But even when the principle of equal treatment was betrayed, American leaders in every era have emphatically affirmed it, not so much out of hypocrisy as out of aspiration. Indeed, for those who were devoted to justice, the persistence of inequality was precisely what made equality before the law so imperative. Over time, this principle would provide the road map for eradicating injustice. It was the impetus for the abolition of slavery; the enactment of the Fourteenth Amendment, with its overarching guarantee of “equal protection of the laws”; the enfranchisement and empowerment of women; the Civil Rights movement; enhanced protections for the poor in the criminal justice process; and numerous other legal and social reforms of the last two centuries.

Equality no more

Today, equal application of the law remains a sacrosanct principle among virtually all legal theorists. Contemporary scholars routinely emphasize that the rule of law cannot exist without legal equality. As the constitutional legal scholar Michel Rosenfeld argues, the rule of law is not merely weakened if “the ruler and his or her associates consistently remain above the law”; it ceases to exist by definition. When the powerful can effectively exempt themselves from law’s punishments, we live under “the rule of men,” even if we maintain a façade of laws and other trappings of a legal system, such as courts, legislatures, and judges. Indeed, it’s nearly impossible to find a definition of the rule of law that does not contain some requirement that the law be applied equally. As Judge Diane Wood, of the Seventh Circuit Court of Appeals, observes, the consensus view is that “there is no one in a society governed by law who is above the law or immune from some form of legal constraint.”

This conception is practically universal, certainly in the West. In the early 1990s, the World Bank and International Monetary Fund announced that any states wishing to receive financial assistance were required to respect the rule of law, prompting debate over what exactly that entailed. In a 1998 essay in Foreign Affairs, Thomas Carothers of the Carnegie Endowment for International Peace articulated the standard used by the Western world to dictate to developing nations what the rule of law minimally demands. The rule of law, he wrote, is “a system in which the laws … apply equally to everyone.” Unless the political and financial elites are subject to the same laws as everyone else, he argued, there could be no rule of law — only its trappings. He cited Latin America, Asia, the former Soviet Union, and parts of the former Eastern bloc as examples of “the ruling elite’s tendency to act extralegally” wherever “legal systems remain captive of the powers that be.” The most crucial challenge in developing countries, as Carothers put it, is that elites “must give up the habit of placing themselves above the law.”

We face a similar challenge in the United States today. For all the homage we pay to equality under law, we have virtually abolished it in practice. Indeed, beyond isolated, politically motivated rhetoric, we hardly even pretend to believe in its validity any longer. Instead, the United States now has the exact opposite of a single set of laws before which everyone is equal. It has an entrenched two-tiered system of justice: the country’s most powerful political and financial elites are virtually immunized from the rule of law, empowered to commit felonies with fullscale impunity and to act without any constraints, while the politically powerless are imprisoned with greater ease and in far greater numbers than in any other country on the planet.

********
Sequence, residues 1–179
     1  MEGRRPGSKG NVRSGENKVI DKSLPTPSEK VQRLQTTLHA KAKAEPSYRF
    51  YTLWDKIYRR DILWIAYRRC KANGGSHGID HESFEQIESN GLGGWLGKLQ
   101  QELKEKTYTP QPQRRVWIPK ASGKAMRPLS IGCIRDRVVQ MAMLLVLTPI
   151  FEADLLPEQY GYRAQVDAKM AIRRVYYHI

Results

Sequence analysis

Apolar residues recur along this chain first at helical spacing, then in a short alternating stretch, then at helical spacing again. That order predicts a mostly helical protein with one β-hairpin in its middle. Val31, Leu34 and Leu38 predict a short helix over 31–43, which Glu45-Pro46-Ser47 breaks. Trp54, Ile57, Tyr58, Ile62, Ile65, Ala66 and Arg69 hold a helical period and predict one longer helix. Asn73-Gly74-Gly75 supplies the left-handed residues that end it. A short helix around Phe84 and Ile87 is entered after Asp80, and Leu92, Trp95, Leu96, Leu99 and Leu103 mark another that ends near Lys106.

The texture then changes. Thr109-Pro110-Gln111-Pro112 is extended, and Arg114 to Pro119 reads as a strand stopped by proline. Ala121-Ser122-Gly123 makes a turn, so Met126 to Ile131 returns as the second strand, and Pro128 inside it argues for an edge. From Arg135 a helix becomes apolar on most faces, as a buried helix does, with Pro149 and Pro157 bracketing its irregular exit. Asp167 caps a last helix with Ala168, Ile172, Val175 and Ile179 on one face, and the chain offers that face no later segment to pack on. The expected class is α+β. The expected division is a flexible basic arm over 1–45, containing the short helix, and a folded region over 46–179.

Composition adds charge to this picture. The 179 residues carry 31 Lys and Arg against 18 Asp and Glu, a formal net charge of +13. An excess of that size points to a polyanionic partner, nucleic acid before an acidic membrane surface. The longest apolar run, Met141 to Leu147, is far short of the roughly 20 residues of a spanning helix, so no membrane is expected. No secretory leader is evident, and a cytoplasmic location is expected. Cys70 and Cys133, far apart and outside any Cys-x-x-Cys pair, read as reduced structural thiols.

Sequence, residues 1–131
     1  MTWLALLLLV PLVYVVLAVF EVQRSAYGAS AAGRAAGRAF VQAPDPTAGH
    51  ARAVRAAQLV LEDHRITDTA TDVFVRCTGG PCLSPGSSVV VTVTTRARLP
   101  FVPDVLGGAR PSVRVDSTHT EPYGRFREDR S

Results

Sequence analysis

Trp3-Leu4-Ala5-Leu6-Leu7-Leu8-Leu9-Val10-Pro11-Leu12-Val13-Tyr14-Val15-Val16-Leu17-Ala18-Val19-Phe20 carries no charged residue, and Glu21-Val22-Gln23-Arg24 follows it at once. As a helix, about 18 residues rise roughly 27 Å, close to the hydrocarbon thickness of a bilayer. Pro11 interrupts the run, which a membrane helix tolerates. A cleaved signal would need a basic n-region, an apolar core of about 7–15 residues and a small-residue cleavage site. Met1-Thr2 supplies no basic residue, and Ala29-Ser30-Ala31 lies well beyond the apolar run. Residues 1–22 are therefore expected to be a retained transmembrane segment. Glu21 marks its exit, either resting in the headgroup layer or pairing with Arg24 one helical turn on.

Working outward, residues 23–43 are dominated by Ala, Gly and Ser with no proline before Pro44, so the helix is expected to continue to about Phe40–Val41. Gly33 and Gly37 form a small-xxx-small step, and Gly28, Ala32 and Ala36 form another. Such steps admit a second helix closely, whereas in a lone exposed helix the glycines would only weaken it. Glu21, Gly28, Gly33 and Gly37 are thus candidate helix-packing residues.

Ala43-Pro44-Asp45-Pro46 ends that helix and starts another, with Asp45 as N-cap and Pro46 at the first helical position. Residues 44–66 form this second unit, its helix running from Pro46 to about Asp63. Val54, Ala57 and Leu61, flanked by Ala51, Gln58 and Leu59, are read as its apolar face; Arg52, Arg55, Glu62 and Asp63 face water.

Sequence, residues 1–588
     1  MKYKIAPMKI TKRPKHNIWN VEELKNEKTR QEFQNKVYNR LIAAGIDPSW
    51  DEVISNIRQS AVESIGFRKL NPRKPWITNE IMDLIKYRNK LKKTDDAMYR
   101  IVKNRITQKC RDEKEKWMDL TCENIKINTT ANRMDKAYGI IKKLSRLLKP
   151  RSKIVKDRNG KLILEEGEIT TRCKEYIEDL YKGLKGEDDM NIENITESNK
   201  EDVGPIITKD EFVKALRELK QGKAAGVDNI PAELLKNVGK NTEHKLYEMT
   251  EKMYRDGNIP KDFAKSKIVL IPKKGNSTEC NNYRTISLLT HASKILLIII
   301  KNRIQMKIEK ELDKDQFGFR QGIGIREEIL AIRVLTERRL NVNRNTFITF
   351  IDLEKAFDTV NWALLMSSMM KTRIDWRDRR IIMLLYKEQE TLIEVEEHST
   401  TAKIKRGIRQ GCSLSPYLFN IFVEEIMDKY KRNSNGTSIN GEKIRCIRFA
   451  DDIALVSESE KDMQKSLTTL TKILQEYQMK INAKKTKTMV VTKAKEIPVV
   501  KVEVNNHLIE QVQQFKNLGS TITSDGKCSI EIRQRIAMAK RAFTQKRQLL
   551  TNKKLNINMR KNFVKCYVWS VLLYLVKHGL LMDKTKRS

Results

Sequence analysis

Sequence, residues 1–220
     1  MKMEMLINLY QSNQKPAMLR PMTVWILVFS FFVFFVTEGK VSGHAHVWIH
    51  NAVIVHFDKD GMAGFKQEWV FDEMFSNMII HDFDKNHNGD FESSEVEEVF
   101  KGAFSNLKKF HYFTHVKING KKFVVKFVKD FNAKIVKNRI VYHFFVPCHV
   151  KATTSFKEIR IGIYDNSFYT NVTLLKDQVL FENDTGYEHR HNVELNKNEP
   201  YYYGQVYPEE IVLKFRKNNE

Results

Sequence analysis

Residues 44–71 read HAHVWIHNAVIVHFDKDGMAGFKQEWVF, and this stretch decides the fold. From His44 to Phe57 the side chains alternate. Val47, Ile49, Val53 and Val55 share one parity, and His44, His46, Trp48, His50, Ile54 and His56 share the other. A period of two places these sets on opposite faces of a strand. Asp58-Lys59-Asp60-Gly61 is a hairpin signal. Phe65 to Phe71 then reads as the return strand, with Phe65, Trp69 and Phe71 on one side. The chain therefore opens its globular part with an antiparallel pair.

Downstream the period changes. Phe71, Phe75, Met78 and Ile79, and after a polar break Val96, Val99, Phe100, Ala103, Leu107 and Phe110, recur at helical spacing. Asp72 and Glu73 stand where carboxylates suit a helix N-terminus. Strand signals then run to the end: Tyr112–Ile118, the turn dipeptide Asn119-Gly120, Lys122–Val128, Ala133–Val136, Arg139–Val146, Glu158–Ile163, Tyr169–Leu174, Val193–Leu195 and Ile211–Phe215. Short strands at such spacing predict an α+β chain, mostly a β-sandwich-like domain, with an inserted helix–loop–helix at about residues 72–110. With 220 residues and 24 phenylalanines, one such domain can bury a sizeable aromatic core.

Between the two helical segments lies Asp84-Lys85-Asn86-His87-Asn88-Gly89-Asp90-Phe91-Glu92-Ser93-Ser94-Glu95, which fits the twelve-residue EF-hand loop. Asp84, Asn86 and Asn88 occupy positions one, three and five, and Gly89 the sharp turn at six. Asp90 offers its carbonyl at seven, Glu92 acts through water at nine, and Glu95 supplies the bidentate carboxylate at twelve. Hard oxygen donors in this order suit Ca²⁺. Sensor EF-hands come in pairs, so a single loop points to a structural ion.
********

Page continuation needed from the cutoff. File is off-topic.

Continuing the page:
Over the past several decades, we have witnessed numerous examples of serious lawbreaking on the part of our most powerful political and financial leaders with no consequences of any kind. It is no exaggeration to state that the current consensus among journalists and politicians is that except in the most blatant and sensationalistic cases (typically ones in which other powerful factions are aggrieved — a Bernie Madoff here, a Rod Blagojevich there), criminal prosecutions are simply not appropriate for the country’s elites. Courtrooms, indictments, and prisons are there for ordinary Americans, not for the ruling classes, and virtually never for our highest political leaders.

The central promise of the American founding — that all would stand equal before the rule of law no matter what other political and economic inequality was allowed — has been abandoned. Two features of contemporary American political life are particularly significant in this regard. First, the elites’ exemption from the rule of law has been strengthened at exactly the same time that the law has become an increasingly draconian instrument of punishment for the rest of Americans — particularly the poor and racial minorities. Not only does the law fail to equalize the playing field; it perpetuates and even generates tremendous social inequality.

Second, though unequal application of the law has always been pervasive in American society, until recently such inequality was regarded as a problem: something to be deplored and, if possible, corrected. Today, however, substantial factions in our political culture explicitly renounce the principle of legal equality itself. It is now quite common for American political discourse to include arguments expressly justifying the elites’ legal impunity and openly calling for radically different treatment under the law for various classes of people based on their power, status, and wealth.

Historically, our collective insistence on the principle of equality under law has been principally responsible for our forward progress, our ability to identify and eliminate major and minor transgressions. Conversely, our abandonment of that principle precludes such progress and, worse, shields legal inequality from reform. A society that demands equality under the law will move inexorably toward it. A society that renounces this virtue will move in the opposite direction. We have, manifestly, become a society that no longer even rhetorically affirms the necessity for this equality, and the outcome is exactly as dangerous, oppressive, and anti-democratic as the American Founders warned it would be.

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This is the introduction to his newest book, With Liberty and Justice for Some. Copyright © 2011 by Glenn Greenwald. Reprinted by permission. All rights reserved

This article appeared in the March 2012 edition of Future of Freedom.

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    Glenn Greenwald is a former constitutional lawyer and is currently a Contributing Writer at Salon, where he also writes the political and legal blog, Unclaimed Territory.